His human staff has been persevering despite the inconvenience of frozen buckets, frozen manure, deep snow, and general unpleasantness. Day in day out we head to the barn to battle the elements. The first battle is getting the sliding door open. No wait, the first battle is staying on your feet on the glare ice of the driveway. Still, we have not adopted too many of the modern conveniences that make winter horse care so much easier. We don't have hot running water, or a heated tack or feed room. The tractor and spreader are parked outside. There are no heated buckets in the stalls which seems just plain silly but would require some rewiring (in the summetime). I don't have an electric wall mounted bit warmer. If I decide to ride or long line, I have to spend 10 minutes trying to thaw out the bit. I do enjoy my chemical hand warmers though. Those are nice to have in my pockets when I start to lose feeling in my finger tips.
Owning horses in Western New York in the winter has never been easy, but I remember it being a whole lot more fun when I was younger. When I was a teenager, a fresh snowfall was irresitable, and I could be found charging bareback through snow drifts and hoping for at least a little bucking. One winter my sister and I spent so much time riding we literally wore the hair off them. Both of our horses had thigh shaped patches of fuzzy worn hair on their backs. When we got bored with riding, we found other winter activities like...
I even competed in the local Sleigh Rally a couple of years. I was so frozen in the photo below! I caught cold and missed three days of school. Actually, I saw that as a bonus.
A year or two later later, we found these note cards in a local gift shop... Ironic that Mom should have snapped the exact same photo.
Sleigh riding may be very picturesque and romantic, but it has been a long time since I had the gumption to put it all together. I'm still hoping someone out there will invent an automatic, push button remote control horse harnesser. There's not much I hate worse than frozen harness!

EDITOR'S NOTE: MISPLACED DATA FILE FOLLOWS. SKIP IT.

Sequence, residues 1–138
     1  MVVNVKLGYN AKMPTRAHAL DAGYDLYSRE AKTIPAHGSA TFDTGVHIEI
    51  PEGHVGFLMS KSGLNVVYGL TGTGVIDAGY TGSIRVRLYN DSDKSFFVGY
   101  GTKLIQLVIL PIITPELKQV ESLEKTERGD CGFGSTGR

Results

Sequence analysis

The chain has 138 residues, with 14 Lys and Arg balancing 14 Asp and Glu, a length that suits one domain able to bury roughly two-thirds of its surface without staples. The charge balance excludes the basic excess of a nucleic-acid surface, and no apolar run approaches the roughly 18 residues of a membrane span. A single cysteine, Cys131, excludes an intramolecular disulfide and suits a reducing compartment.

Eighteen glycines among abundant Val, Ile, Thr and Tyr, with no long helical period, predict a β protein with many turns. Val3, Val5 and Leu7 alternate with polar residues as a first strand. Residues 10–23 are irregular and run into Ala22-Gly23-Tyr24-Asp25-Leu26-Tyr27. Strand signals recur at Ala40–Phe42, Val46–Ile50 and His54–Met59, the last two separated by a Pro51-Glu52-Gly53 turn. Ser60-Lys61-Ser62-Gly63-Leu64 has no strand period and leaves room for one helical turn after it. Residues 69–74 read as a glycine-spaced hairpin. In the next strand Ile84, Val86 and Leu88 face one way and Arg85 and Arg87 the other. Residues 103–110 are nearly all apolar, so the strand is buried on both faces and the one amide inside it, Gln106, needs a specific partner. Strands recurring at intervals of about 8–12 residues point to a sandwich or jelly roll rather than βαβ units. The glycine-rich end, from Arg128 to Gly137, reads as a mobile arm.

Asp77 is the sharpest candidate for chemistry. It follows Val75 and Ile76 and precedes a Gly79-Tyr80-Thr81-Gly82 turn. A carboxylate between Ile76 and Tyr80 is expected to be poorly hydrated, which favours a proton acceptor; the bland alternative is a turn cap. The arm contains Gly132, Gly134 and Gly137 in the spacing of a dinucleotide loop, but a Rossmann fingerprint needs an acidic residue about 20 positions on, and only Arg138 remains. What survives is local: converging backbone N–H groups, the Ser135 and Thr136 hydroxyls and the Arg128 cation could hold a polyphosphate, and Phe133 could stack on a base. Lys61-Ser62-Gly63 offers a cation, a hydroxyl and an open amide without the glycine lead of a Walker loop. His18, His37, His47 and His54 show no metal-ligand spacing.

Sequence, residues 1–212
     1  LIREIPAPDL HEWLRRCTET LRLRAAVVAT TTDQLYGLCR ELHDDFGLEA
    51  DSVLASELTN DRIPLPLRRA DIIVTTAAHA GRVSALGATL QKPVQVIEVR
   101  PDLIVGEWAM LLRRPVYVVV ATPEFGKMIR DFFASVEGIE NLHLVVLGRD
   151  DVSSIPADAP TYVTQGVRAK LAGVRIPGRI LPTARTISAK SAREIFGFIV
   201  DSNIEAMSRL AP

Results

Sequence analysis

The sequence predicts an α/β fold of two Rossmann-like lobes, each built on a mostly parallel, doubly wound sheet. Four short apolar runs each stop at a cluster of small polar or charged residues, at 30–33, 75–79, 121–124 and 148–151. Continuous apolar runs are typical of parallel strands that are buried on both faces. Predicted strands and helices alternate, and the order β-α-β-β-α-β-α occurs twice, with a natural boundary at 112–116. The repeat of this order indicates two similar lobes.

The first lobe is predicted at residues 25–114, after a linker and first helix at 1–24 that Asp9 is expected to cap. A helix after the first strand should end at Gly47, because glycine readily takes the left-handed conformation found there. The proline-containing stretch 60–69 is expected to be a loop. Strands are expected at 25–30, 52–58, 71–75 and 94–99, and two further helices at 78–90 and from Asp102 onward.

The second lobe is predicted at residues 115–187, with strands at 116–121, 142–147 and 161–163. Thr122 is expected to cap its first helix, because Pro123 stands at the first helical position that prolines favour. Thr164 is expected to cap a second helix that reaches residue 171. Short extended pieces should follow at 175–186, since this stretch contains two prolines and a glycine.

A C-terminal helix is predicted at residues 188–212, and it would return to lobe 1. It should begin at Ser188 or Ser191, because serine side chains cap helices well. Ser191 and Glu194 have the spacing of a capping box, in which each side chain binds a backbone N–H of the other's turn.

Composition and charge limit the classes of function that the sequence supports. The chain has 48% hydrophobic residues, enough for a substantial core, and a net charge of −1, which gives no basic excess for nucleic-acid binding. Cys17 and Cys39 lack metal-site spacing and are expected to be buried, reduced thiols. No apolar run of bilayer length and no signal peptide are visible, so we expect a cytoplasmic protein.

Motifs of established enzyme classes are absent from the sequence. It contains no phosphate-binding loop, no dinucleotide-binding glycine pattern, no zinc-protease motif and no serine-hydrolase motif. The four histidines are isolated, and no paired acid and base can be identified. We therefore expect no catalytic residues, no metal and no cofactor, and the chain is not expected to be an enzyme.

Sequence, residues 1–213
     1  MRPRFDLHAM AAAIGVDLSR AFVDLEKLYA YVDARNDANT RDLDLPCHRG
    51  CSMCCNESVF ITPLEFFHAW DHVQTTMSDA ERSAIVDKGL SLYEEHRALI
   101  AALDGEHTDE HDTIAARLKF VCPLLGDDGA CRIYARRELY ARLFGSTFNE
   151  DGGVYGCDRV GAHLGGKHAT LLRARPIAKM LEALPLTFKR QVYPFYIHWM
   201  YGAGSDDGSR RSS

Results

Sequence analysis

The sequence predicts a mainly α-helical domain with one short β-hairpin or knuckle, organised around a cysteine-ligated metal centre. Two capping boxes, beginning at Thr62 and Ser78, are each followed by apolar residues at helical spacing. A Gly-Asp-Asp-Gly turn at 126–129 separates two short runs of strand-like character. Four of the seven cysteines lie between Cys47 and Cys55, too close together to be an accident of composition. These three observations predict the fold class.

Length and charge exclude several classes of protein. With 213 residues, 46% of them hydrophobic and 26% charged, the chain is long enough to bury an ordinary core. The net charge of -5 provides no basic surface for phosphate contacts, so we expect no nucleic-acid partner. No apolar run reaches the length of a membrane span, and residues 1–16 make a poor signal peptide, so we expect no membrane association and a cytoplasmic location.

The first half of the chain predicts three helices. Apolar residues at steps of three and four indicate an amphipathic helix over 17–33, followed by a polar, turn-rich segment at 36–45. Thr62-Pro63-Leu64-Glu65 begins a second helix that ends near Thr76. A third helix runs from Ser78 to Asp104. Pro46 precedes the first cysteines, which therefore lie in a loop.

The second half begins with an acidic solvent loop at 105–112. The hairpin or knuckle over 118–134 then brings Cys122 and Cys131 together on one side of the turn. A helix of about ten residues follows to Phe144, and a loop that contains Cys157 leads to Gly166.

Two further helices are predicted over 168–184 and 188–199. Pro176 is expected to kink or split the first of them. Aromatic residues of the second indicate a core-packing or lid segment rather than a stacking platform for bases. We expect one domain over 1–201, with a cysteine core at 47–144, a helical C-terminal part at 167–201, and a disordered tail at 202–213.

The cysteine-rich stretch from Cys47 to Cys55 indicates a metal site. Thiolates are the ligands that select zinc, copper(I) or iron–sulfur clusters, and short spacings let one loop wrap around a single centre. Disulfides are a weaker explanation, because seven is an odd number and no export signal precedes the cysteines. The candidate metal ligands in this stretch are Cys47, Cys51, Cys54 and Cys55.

In fact, it has been a long time since I rode in the snow at all. Much less exercise outside or practice a winter sport. Heck, with the weather we've been having, it seems inconvenient to leave my warm office in the afternoon go to the gym to work out, sloshing through ankle deep snow and braving winter roads. And, woe unto she who forgets her gym bag in the car all morning and has to put on cold shoes, or worse, shower with frozen soap! But, despite the "inconvenience" I soldier on, every other day, in the comfort of the nearby YMCA, keeping in shape so when riding weather returns I will be fit and ready to go... and will be able to get into the same breeches.
Of course, not all my winter horse memories are of fun and frolicing. I also kept some cows at my grandparents farm half a mile away. Every evening after school, and before dinner I would ride half a mile to the farm to do chores and milk my cows. Then I would ride home with a gallon of warm milk wrapped in my coat. That was another bitter cold winter. I remember making the trek with the Jim Reeves song Just a hundred yards from Mary Ann where the cowboy freezes on his horse outside the door of his lover, running through my head . It seemed a distinct possibility. Nowadays, freezing before I get to the barn door also seems possible!
"Dan, get up you ornery cuss, or you'll be the death of us.I'm so weary, but I'll help you if I can. Alright Dan, perhaps it's best, if we stop a while and rest.For it's still a hundred yards to Mary Ann's. It's still a hundred yards to Mary Ann's."
And yes, my horses name was Dan. Well, Daniel to be precise.
But, hang in there. Every day is one day closer to spring. How is everyone else handling their winter weather?